Dr Felecia Sumner
What is functional medicine?
Functional medicine is a rapidly growing field that aims to provide a personalized approach to healthcare by addressing the root causes of diseases rather than just treating symptoms. It considers the unique genetic, environmental, and lifestyle factors that contribute to a patient's overall health and well-being.
Patients who have not received satisfactory answers from conventional medicine often turn to functional medicine to get to the root of their health problems. Here's what you need to know about functional medicine and how it can be valuable for patients who have struggled to find answers elsewhere.
What is functional medicine?
Functional medicine is a patient-centered, science-based approach that seeks to identify and address the underlying causes of disease. Functional medicine practitioners believe that many chronic diseases are rooted in imbalances in the body's systems, such as the immune system, hormonal system, and digestive system. By addressing these imbalances, functional medicine can help to restore the body's natural ability to heal itself.
One of the key principles of functional medicine is that each patient is unique, and therefore, requires a personalized approach to their care. Functional medicine practitioners take the time to understand each patient's individual health history, genetic makeup, environmental exposures, and lifestyle factors. This comprehensive approach allows them to identify the root causes of disease and develop personalized treatment plans that address those causes.
What tests and treatments do functional medicine doctors use?
Functional medicine practitioners use a variety of tests and treatments to identify and address the underlying causes of disease. Here are some examples:
Comprehensive blood and urine testing: Functional medicine practitioners use advanced testing to assess a patient's nutritional status, hormone levels, immune function, and other key markers of health.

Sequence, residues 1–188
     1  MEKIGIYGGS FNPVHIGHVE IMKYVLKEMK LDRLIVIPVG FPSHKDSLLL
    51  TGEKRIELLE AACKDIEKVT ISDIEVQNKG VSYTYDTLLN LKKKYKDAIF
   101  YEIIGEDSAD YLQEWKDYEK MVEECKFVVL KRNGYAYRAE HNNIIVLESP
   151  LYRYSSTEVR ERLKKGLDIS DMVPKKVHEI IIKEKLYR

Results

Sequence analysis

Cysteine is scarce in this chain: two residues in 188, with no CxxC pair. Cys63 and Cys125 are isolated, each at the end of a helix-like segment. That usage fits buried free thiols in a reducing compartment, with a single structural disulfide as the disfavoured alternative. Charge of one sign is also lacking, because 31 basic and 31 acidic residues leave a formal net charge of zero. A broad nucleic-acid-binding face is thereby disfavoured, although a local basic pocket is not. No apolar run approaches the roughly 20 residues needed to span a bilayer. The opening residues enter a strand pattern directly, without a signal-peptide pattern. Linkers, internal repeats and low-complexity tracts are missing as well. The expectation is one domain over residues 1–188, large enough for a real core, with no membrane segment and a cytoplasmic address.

Genetic testing: Functional medicine practitioners may use genetic testing to identify genetic mutations that may be contributing to a patient's health problems.
Nutritional therapy: Functional medicine practitioners use nutritional therapy to help patients optimize their diet and ensure they are getting the nutrients they need to support their overall health.
Lifestyle modifications: Functional medicine practitioners may recommend lifestyle modifications such as stress reduction techniques, exercise, and sleep hygiene to help patients optimize their health.
Supplements: Functional medicine practitioners may recommend supplements such as vitamins, minerals, and herbal remedies to support a patient's overall health.
Prescription medications: Functional medicine practitioners may prescribe medications when necessary, but they typically aim to use the lowest effective dose for the shortest possible duration.
Functional medicine can be especially valuable for patients who have not received satisfactory answers from conventional medicine. By taking a personalized approach that addresses the root causes of disease, functional medicine practitioners can help patients achieve optimal health and well-being.